Things You'll Need
- Circular saw or table saw
- Miter saw
- Drywall screws
- Scaffolding nails
- L bracket
Set builders are the magicians in charge of conjuring the theater magic that transports an audience from an auditorium to the world of the play. One of the most basic tools of their craft is the flat, a standing frame of wood covered with muslin onto which any background can be painted or built. They also must make sure that the flats will not fall and can hold up to the abuse of stumbling actors or heavy set dressing pieces. The most common way of bracing a flat is to build two jacks and attach them to both sides of the back of the flat.
Cut three pieces of wood to create a jack to brace the set. Cut the first piece, which is called the stile, so that it is 2/3 the height of the flat. Cut the second piece, which is called the diagonal brace, so that it is about 5/8 of the height of the flat. Cut the third piece, which is called the rail, so that it is 1/4 the height of the flat. Use a miter saw to cut the ends of the diagonal brace to create a 45 degree angle.
Screw the bottom rail and the stile together to form a right angle with drywall screws. Hammer the bottom of the diagonal brace into the end of the bottom rail using scaffolding nails. Lean the brace onto the stile and hammer the top of it onto the stile. Allow the top corner to overlap slightly if it will be bracing a stand-alone flat that is not flush with another flat.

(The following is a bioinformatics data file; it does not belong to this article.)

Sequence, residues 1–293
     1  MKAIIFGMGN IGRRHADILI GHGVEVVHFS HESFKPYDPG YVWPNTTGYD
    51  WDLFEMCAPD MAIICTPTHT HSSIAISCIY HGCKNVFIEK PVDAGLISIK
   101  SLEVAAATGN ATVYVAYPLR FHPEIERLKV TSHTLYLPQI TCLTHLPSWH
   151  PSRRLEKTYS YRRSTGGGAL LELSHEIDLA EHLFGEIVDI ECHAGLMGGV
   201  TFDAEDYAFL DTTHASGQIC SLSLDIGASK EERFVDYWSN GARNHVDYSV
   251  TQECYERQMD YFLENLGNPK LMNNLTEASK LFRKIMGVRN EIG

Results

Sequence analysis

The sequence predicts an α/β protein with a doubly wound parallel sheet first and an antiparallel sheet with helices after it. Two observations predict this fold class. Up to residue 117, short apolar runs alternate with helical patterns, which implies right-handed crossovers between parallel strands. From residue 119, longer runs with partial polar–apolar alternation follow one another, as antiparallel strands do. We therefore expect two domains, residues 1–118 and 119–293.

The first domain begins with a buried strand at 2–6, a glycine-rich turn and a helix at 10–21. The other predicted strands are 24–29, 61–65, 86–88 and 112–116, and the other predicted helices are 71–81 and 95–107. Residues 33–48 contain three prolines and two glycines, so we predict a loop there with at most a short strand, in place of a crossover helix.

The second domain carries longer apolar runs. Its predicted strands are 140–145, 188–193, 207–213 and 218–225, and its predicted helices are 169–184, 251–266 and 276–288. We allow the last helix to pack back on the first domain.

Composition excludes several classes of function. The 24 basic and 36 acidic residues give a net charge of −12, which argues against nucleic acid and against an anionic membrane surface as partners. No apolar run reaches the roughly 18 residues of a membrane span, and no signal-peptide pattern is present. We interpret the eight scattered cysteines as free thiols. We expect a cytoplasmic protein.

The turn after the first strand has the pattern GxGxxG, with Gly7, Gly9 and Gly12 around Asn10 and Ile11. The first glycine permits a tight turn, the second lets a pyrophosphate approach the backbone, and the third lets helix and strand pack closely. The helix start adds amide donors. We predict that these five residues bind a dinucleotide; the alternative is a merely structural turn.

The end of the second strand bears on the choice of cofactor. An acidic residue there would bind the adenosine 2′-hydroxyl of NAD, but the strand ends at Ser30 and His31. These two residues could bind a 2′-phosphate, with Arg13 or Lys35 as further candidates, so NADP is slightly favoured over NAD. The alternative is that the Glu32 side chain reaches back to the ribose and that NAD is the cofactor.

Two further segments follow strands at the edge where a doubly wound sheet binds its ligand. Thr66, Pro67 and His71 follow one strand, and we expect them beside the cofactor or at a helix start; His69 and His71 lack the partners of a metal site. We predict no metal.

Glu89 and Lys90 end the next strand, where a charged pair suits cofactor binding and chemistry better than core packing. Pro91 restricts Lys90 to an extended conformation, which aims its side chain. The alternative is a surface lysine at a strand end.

Stand the flat up against the stile of the jack with the bottom rail on the stage. Screw the stile onto one side of the flat in at least three places along the height of the stile.
Repeat steps 1 to 3 to create a second brace for the other side of the flat.
Secure the flat and the jacks to the floor if the set piece will be stationary throughout the production and there is a floor built onto the stage. Do not screw the flat to the actual stage floor. Secure the flat to any mobile piece set on casters that will be moved during the show. Hinge the jack to the floor with an L bracket.
Depending on the height of your flat, you may want to have a cross-hatch piece on the center of your jack for additional stability.
Drape a sandbag over the bottom rail for additional stability.
Use personal protective devices such as eye goggles when using power tools.
As a professional writer since 1985, Bridgette Redman's career has included journalism, educational writing, book authoring and training. She's worked for daily newspapers, an educational publisher, websites, nonprofit associations and individuals. She is the author of two blogs, reviews live theater and has a weekly column in the "Lansing State Journal." She has a Bachelor of Arts in journalism from Michigan State University.